Dean Chang and family at the International Rice Genebank
Dean, T.T.'s eldest son, showing a rice sample to his children, Nathan and Erica, as his mother, Nancy, looks on.

After the dedication ceremony, family members toured the genebank facility that T.T. had nurtured for so many years.

During my days as a visiting editor at IRRI in 1982-83, I got to know T.T. quite well and I always enjoyed talking to him. I was planning to fly to Taiwan during the summer of 2006 to do one of my pioneer interviews with T.T., but unfortunately he passed away that March. I regret not doing the interview sooner. However, when his sons, Dean and Jeff visited IRRI in April 2010 attend the Institute's 50th anniversary celebration, I was able to interview both of them about the legacy of their father. 

Interview with Dean and Jeff Chang
In an interview with Dean (left) and Jeff Chang

During that interview, Dean stated, "The earliest moment for me to understand in greater context on what my father was doing at IRRI was when the International School Manila (ISM) would annually send kids on field trips to IRRI because the place was such a gem in terms of doing something important. I think I was in the fifth or sixth grade at the time and we took a field trip to IRRI. We were brought to the auditorium and we viewed a film about IRRI and then my father spoke. At that moment, it was a defining moment or epiphany for me that my father was really someone special and doing some really good work."


STRASA launched in Africa and South Asia

Phase 3 STRASA launch
The Phase 3 STRASA launch for South Asia took place on 20-23 May 2014 at the ICAR NASC Complex in New Delhi.

In March 2008, the Stress-tolerant rice for poor farmers in Africa and South Asia (STRASA) was launched in both Africa and South Asia. On 5-7 March, national and international rice specialists held their 3-day meeting at the Africa Rice Center (then still WARDA) in Cotonou, Benin, to kick off the African component. Later, on 16-19 March, the South Asian component was inaugurated at the ICAR NASC Complex in New Delhi, which was attended by 150 senior scientists, researchers, and representatives of NGOs, private companies, and seed producers from Bangladesh, India, and Nepal.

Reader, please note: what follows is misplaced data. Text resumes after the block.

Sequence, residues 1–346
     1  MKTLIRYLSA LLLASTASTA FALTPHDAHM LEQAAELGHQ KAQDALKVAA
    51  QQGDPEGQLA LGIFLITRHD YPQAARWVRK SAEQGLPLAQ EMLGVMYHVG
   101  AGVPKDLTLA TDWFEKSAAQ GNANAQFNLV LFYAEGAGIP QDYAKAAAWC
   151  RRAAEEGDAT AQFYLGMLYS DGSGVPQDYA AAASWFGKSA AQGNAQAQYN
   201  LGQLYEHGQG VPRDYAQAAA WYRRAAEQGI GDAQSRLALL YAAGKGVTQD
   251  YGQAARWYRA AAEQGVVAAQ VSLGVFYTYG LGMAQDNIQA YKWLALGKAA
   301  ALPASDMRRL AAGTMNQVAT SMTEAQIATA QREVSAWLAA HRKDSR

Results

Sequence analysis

The project, which has since been carried out by IRRI and its partners, was approved for funding by the Bill & Melinda Gates Foundation through an original grant to IRRI that was announced in December 2007. STRASA was originally conceived as a 10-year project with a vision to deliver improved varieties to at least 18 million farmers on the two continents. The project was also anticipated to have significant spillover effects for non-participating countries.

Over two phases, much progress has been made over the last 7 years in both Asia and Africa. Last 4 March 2014, a new 5-year phase 3 was approved, which will take the project into 2019.

At the time of the phase-3 announcement, Abdel Ismail, STRASA project leader, said, "I am sure the next 5 years will be even more exciting with even greater success and impact.

Spinning off from the phase 3 announcement, a 2-day project planning STRASA workshop was held 30-31 March in Bangladesh to map out the strategies and develop the work plans of the project with Bangladeshi partners.

See other notable activities and events in March on This week in IRRI history.



About the Author

Gene Hettel

Gene Hettel

Gene Hettel is an IRRI historian and editor-in-chief of Rice Today.